Stars: Peter Dinklage, Emilia Clarke, Kit Harington, Liam Cunningham, Carice Van Houten, Sophie Turner, Maisie Williams, Isaac Hempstead-Wright, Conleth Hill, Alfie Allen, Iwan Rheon, Gwendoline Christie, Daniel Portman, Aiden Gillen, Ben Crompton, Nathalie Emmanuel, Jacob Anderson, Kristofer Hivju, Iain Glen, Michel Huisman, Gemma Whelan, Tom Wlaschiha, Ellie Kendrick, Kristian Nairn, Richard E. Grant, Essie Davis, Pilou Asbaek, Kae Alexander, Ania Bukstein, Vladimir “Furdo” Furdik
Writers: David Benioff & D.B. Weiss, series created by David Benioff & D.B. Weiss, based on George R.R. Martin’s “A Song of Ice and Fire”
Director: Jack Bender
Network: HBO, Sundays @ 9 PM
Original Airdate: May 22, 2016
When it’s appropriate, GAME OF THRONES can pack a lot of loss into a single jaw-dropping sequence, and such is the case with the finale of “The Door.” The episode at least reveals what had seemed to be a comical secret, which turns out to be tragic in the extreme.
At Castle Black, Sansa Stark (Sophie Turner) receives a message from Petyr Baelish (Aiden Gillen). Sansa and her bodyguard Brienne (Gwendoline Christie) meet Baelish in Molestown. Sansa rightly and understandably blames Baelish for selling her to the Boltons. Though Baelish apologizes and claims he didn’t know what Ramsay would do to Sansa, she’s not buying it. Stating that she still hurts physically from what Ramsay inflicted on her, Sansa sends Baelish away, but lets him live (probably a mistake). Before leaving, Baelish says that Sansa’s uncle Edmure has retaken his home and has an army.
In Braavos, Jaqen H’ghar (Tom Wlaschiha) gives Arya (Maisie Williams) a second chance to serve the Many-Faced God – that is, to be an assassin. When Arya asks, the Man tells her of the first Faceless Men, slaves in Valyria who killed their masters, fled and then founded the city of Braavos. Arya is sent to a group of players to kill an actress. Arya thinks she’s a decent woman and wonders who has paid to have her killed – she thinks it’s a younger, less talented actress. Jaqen tells Arya that, as a servant of the Many-Faced God, she doesn’t get to ask questions.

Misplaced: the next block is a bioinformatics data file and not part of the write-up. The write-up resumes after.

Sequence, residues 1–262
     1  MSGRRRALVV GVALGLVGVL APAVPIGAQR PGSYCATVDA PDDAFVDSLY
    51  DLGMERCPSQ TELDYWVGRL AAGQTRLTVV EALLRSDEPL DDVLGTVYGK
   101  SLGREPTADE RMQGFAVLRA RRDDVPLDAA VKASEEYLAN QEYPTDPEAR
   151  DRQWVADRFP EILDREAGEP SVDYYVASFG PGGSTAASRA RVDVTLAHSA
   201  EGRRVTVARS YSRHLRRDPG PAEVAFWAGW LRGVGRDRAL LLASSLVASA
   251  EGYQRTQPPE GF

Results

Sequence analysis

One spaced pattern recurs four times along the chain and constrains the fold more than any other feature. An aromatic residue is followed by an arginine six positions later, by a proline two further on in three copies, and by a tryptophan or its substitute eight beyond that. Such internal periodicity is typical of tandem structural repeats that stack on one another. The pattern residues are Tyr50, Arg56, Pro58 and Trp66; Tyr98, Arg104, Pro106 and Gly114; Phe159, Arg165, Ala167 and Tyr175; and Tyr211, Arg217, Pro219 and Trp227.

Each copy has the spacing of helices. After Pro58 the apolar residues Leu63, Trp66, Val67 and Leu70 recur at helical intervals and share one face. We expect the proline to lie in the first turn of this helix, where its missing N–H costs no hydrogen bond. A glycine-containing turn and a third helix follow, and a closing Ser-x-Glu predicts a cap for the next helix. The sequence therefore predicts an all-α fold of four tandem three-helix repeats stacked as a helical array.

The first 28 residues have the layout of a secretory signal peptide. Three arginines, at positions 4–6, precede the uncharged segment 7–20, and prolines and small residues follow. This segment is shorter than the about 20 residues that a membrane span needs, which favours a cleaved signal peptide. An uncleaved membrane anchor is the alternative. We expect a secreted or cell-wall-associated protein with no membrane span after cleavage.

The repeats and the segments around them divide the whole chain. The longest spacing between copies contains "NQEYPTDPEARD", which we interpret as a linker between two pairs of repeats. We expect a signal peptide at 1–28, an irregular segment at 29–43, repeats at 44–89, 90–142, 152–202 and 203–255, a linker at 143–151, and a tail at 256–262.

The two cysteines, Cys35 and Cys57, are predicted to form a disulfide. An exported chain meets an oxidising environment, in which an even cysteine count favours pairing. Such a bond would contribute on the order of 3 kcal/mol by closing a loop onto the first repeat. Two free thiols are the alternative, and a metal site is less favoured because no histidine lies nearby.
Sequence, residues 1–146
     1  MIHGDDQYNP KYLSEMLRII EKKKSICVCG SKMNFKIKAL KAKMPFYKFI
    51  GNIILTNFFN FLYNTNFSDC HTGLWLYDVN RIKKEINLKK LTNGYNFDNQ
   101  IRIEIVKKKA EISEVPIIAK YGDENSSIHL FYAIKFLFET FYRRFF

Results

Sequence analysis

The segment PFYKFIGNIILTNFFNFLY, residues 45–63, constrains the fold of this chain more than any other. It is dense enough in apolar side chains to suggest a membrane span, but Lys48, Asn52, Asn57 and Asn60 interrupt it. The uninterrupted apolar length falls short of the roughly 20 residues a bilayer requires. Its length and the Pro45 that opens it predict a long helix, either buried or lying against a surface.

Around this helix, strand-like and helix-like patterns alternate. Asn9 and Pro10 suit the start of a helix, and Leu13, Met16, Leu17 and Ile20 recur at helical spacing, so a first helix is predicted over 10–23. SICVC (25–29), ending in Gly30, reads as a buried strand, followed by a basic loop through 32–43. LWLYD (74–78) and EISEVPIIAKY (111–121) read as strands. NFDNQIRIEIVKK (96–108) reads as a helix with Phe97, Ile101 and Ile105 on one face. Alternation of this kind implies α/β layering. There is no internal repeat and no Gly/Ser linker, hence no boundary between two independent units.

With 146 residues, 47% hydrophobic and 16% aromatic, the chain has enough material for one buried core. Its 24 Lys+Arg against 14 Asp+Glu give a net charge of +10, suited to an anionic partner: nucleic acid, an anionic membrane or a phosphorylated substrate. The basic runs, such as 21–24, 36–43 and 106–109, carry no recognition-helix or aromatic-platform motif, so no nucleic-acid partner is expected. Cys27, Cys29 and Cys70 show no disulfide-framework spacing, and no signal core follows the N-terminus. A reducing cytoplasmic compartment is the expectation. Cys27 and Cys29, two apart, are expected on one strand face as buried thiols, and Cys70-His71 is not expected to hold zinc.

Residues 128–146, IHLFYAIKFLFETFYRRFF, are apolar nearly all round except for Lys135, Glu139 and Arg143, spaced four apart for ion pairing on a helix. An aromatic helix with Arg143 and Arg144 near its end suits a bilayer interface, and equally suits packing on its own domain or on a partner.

Much as Arya wants to be an assassin, she’s still so much herself that it seems doubtful she’ll ever really be “no one” – and if she ever is, it will be a loss to the story and to the show.
Bran (Isaac Hempstead-Wright), with the Three-Eyed Raven (Max von Sydow), has a vision that the Children of the Forest created the White Walkers. Indeed, the first one was made by Leaf (Kae Alexander), the Child of the Forest who is in the Three-Eyed Raven’s cave. She explains that the White Walkers were meant to protect the Children from human beings, who destroy trees and pretty much everything else.
In the Iron Islands, Theon (Alfie Allen) backs his sister Yara’s (Gemma Whelan) strong claim for the Salt Throne. However, their uncle Euron Greyjoy (Pilou Asbaek) turns up and makes his own claim. Cheerfully acknowledging that he killed his brother, previous king Balon Greyjoy, Euron states his intention to seduce Daenerys Targaryen by offering her a fleet she can use to overrun Westeros. Yeesh. Yara and Theon sensibly sail off before Euron can kill them, stealing most of the fleet in the process. Euron decrees that another fleet shall be made to hunt them down.
In a year when the prospect of people getting what they deserve in an election is alarming, the poor results of the Iron Island choice for the throne are more resonant that usual. Yara is clearly the best choice, but since the Iron Islanders tend to behave badly, this doesn’t have the impact of, say, the last poor leadership choice at Castle Black.
Daenerys (Emilia Clarke), now leading a huge contingent of Dothraki, doesn’t know what to do with Jorah (Iain Glen), who has both disobeyed and rescued her. Jorah reveals he has greyscale, confesses he loves her and starts to leave in order to avoid contaminating her. Daenerys commands him to find a cure, heal himself and then return to her.